Research

Traffic Was Only Fine Particle Source Associated with Slower Cognitive Development in Children

Study led by researchers at CREAL, an allied ISGlobal centre, and published in Environmental Health Perspectives contributes new evidence on the neurological effects of air pollution in schoolchildren

25.05.2016

A study published in Environmental Health Perspectives and led by researchers at the Centre for Research in Environmental Epidemiology (CREAL), an allied ISGlobal centre, has explored associations between cognitive development and the different sources of particulate matter (PM) found in the air in and around schools.

Several studies have reported associations between cognitive development and exposure to traffic-related air pollution in schools. However, according to Xavier Basagaña, a CREAL researcher and the first author of this study, “very little research has focused on the role played in cognitive development by specific PM components or sources other than traffic”.

The CREAL researchers found traffic to be the only source of fine particles associated with slower cognitive development. “This means that reducing traffic-related air pollution in primary schools could have beneficial effects on cognition”, explains Jordi Sunyer, co-director at CREAL and study coordinator.

A cohort of 2,618 schoolchildren, with an average age of 8.5 years, attending 39 schools in Barcelona (Spain) was followed up for one year. In the course of four visits during the year, the children were evaluated using computerized tests to assess working memory (the system that holds multiple pieces of transitory information in the mind where they can be manipulated), superior working memory (the working memory that involves continuous updating of the working memory buffer) and inattentiveness. The presence (outdoors and in the classroom) of fine particulate matter, that is particles that are 2.5 micrometers or less in diameter (PM2.5), was measured in each school during two one-week periods.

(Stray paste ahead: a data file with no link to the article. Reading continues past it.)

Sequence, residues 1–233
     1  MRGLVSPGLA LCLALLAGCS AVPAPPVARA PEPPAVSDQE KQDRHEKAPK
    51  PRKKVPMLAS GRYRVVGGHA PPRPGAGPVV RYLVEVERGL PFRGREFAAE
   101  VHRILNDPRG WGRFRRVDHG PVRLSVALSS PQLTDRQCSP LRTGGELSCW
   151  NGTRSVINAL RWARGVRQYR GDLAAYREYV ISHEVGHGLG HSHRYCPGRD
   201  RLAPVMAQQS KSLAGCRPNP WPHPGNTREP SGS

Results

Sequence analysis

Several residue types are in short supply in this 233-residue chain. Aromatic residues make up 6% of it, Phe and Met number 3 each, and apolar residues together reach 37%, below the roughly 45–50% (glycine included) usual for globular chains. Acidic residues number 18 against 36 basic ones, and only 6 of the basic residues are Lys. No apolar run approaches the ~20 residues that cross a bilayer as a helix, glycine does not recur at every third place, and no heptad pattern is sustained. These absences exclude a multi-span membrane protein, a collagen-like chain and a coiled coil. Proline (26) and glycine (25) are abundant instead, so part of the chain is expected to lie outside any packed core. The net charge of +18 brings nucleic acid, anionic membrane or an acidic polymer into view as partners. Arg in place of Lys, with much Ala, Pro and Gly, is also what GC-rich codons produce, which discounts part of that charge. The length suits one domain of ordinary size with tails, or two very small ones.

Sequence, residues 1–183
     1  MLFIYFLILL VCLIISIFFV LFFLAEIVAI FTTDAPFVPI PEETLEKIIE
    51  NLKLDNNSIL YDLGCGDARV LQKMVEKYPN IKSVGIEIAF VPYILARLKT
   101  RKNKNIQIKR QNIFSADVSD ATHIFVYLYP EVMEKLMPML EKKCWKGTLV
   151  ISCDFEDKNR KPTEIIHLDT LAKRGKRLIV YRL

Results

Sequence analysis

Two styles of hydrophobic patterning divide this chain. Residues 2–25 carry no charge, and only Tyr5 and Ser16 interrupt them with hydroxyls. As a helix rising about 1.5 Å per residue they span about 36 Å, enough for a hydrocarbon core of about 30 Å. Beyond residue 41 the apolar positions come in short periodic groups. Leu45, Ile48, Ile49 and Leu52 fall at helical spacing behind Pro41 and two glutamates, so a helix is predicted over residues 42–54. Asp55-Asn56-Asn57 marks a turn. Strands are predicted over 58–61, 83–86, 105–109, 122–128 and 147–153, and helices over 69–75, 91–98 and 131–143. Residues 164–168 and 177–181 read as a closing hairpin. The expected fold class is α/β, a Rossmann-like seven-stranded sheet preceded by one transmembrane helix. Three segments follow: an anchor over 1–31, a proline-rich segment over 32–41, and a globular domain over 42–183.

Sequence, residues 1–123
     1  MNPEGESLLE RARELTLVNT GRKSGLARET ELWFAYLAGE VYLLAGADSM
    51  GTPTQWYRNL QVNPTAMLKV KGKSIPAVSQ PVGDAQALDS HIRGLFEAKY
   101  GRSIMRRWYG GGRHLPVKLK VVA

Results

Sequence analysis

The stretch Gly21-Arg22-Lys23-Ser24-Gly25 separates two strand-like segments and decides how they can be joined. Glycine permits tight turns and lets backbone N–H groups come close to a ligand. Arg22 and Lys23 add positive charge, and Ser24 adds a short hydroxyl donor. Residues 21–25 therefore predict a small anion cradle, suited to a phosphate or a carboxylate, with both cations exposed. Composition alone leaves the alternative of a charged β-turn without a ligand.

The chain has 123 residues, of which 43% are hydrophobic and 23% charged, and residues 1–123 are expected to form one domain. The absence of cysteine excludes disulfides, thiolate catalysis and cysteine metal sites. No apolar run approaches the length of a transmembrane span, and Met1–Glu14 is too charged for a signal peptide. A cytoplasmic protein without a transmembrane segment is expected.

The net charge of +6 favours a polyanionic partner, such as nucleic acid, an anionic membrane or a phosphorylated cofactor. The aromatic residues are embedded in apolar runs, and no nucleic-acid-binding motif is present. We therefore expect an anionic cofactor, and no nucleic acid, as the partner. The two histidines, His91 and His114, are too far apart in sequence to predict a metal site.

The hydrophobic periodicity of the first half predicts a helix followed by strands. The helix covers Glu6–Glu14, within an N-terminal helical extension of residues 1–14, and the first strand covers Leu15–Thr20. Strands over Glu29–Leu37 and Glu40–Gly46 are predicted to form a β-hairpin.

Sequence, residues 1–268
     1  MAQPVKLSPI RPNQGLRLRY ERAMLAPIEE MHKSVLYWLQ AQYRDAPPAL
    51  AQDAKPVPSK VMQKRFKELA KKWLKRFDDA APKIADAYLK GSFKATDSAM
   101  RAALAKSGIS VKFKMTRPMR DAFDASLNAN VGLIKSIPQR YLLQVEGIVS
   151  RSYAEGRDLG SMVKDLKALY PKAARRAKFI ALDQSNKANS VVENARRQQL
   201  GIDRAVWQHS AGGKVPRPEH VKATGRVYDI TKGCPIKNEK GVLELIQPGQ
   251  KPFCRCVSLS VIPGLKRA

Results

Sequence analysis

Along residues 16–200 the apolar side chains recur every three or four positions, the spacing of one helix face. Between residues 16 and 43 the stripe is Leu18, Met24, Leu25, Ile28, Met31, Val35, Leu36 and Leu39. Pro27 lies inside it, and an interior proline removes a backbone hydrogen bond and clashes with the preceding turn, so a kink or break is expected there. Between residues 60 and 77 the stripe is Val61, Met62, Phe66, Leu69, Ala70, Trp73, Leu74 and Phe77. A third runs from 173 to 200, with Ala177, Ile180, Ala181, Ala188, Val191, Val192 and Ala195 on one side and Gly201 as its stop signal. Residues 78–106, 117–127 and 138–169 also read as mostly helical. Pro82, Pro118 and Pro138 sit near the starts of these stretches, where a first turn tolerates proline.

Analysis of the results revealed an association between a 4 microg/m3 increase in indoor traffic-related PM2.5 and reductions in cognitive growth equivalent to 22% of the annual change in working memory, 30% of the annual change in superior working memory, and 11% of the annual change in the inattentiveness scale. “No other source of PM2.5 was associated with adverse effects on cognitive development”, adds Basagaña.

Reference

Basagaña X, Esnaola M, Rivas I, Amato F, Alvarez-Pedrerol M, Forns J, López-Vicente M, Pujol J, Nieuwenhuijsen M, Querol X, Sunyer J. Neurodevelopmental Deceleration by Urban Fine Particles from Different Emission Sources: A Longitudinal Observational Study. Environ Health Perspect. 2016 Apr 29;124(5). [Epub ahead of print]